One of the sillier laws to enter the statute books has finally been changed. No longer will it be possible to fine someone for saying, ‘Woof’ to an Labrador in front of police officers, as happened to Kyle Little five years ago. The decision to fine him was later overturned, but the law remained ridiculously intact. Insulting language could be punishable by law, even if the language didn’t seem insulting to anyone remotely rational.
‘Woof’ is surely an attempt to communicate with a dog, rather than an attempt to injure its doggy feelings. Juvenile, not insulting. But Little was 16 at the time, and if the young aren’t allowed to be juvenile, who is? The definition of ‘insulting’ is almost infinitely flexible, but ‘woof’ seems pretty benign, particularly when directed at a dog.
A year earlier, the police had tried to prosecute a student, Sam Brown, after he asked a mounted officer whether he realised his horse was gay. Even if you consider the word ‘gay’ to be insulting (which clearly depends on both context and intent), it’s hard to imagine that the horse felt upset. But Brown was arrested under section 5 of the Public Order Act nonetheless: his language, the police felt, was insulting because they deemed it homophobic.
And that is, in essence, what is wrong with trying to legislate against insults. The word ‘gay’ isn’t insulting unless it’s meant to be: gay people refer to themselves as gay, their straight friends refer to them as gay, and no-one is offended. But if the same word is spat at you by a psycho beating you up in the street, then it’s insulting and frightening. The word has the same meaning each time – in every case, the word ‘gay’ is referring to a person’s sexuality – but it isn’t always, or even usually, an insult.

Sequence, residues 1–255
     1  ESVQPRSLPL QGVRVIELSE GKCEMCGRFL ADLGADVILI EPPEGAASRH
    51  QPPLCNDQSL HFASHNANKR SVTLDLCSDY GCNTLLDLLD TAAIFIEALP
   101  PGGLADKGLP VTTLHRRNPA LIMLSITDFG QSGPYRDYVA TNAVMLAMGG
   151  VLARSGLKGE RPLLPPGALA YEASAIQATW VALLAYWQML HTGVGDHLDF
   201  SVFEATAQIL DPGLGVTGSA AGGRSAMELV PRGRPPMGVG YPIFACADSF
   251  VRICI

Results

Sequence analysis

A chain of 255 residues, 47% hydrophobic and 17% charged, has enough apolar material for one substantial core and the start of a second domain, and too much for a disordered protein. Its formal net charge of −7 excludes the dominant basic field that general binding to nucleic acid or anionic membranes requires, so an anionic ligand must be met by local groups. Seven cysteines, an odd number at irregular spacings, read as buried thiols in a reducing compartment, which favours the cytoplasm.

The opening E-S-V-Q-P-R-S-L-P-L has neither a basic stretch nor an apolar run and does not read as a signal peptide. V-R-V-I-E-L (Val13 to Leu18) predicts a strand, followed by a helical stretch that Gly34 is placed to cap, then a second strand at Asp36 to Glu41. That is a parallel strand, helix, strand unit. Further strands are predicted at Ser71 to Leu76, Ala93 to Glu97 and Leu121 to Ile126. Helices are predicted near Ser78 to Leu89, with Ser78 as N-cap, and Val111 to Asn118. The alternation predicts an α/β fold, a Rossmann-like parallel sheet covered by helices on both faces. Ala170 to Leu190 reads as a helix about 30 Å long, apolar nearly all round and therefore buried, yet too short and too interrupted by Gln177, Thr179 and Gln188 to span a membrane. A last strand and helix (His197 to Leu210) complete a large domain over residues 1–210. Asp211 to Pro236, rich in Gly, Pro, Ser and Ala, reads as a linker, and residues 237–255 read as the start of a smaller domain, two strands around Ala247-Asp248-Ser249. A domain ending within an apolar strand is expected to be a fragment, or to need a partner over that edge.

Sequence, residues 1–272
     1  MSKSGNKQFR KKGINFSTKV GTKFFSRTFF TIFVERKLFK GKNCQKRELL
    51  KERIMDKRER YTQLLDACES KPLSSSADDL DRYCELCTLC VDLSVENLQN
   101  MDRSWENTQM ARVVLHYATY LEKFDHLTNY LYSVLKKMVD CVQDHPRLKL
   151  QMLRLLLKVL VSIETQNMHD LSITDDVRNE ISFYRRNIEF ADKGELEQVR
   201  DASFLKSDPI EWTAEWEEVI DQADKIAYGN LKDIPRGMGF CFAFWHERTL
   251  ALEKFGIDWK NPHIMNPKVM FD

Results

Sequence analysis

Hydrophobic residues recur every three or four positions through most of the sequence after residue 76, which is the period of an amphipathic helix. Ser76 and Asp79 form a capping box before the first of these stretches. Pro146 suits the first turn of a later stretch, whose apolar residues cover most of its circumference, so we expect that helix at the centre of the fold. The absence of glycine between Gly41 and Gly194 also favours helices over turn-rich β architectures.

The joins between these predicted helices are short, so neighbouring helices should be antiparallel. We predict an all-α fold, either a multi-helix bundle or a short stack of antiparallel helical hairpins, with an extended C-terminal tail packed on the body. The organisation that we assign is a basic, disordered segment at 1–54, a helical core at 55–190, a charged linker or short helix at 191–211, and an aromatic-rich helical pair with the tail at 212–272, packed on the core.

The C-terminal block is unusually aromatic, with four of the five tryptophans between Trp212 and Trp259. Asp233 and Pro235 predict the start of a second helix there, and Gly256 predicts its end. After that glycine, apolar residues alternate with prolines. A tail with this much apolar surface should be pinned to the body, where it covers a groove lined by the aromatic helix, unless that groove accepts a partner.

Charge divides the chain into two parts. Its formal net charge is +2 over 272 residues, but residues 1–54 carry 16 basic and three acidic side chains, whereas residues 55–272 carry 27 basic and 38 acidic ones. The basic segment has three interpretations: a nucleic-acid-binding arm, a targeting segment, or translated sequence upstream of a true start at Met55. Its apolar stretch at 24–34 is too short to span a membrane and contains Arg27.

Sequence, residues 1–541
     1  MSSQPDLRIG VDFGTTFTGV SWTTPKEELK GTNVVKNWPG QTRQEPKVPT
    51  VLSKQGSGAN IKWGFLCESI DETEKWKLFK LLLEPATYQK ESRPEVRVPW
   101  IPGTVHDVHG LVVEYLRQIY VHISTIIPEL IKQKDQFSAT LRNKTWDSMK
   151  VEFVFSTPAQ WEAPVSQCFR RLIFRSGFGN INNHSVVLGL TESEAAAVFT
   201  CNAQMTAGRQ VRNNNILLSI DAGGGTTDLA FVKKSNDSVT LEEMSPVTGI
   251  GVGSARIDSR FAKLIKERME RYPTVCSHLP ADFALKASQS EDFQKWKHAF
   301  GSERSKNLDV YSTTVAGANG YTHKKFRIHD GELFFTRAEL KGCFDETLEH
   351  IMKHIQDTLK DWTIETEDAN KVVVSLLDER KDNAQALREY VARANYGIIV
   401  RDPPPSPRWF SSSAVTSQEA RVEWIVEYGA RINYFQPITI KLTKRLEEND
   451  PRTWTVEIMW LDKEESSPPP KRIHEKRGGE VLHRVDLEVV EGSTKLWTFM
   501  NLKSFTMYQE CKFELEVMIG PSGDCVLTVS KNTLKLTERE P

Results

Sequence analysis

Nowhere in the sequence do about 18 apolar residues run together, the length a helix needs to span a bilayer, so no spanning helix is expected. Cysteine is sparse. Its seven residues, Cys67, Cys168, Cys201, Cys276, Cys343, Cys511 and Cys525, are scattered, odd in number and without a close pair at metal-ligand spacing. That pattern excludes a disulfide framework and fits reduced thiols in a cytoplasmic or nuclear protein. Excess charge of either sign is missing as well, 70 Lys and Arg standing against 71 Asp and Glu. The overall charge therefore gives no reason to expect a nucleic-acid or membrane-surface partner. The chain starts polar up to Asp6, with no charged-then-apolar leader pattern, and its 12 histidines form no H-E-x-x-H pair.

And the law can’t be framed to recognise that an insult is dependent on the intent of the speaker, as well as the perception of the insulted. Comedians have always known this, which is why Rowan Atkinson has campaigned extensively for this amendment: to remove the word ‘insulting’ from Section 5. Anyone who’s ever misjudged a heckler putdown, or made jokes on a taboo subject, understands the fluidity of offence.
Our skins are never thinner that when we feel insulted, and never more like rhino-hide than when we insult someone, either accidentally or on purpose. And while it is horrible to feel that someone has insulted you and got away with it – cackling into their gin as you weep into yours – the alternative is that none of us ever speaks again. So let’s treat insults like Kingsley Amis treated bad reviews: let it spoil your breakfast, but not your lunch.
Yes, Prime Minister returned to our screens last night. At least, it did if you could find GOLD, the channel which is showing the new version after the BBC missed out on it. I don’t usually buy the idea of a national character, but Britain is undeniably less able to take politicians seriously than other nations.
This week saw Argo (an American political drama) rewarded at the Golden Globes. Meanwhile, the second series of Borgen – a drama about the Danish prime minister — is the high point of my viewing week, and I’m pondering re-watching The West Wing.
Danish and American TV writers respect the political process, even as they reveal its grimy underbelly. Their fictional politicians are invested with dignity. And we watch these imported dramas happily. But when it’s a series about British politics, we’d rather ditch the heart-warming zeal and mock the ineptitude instead.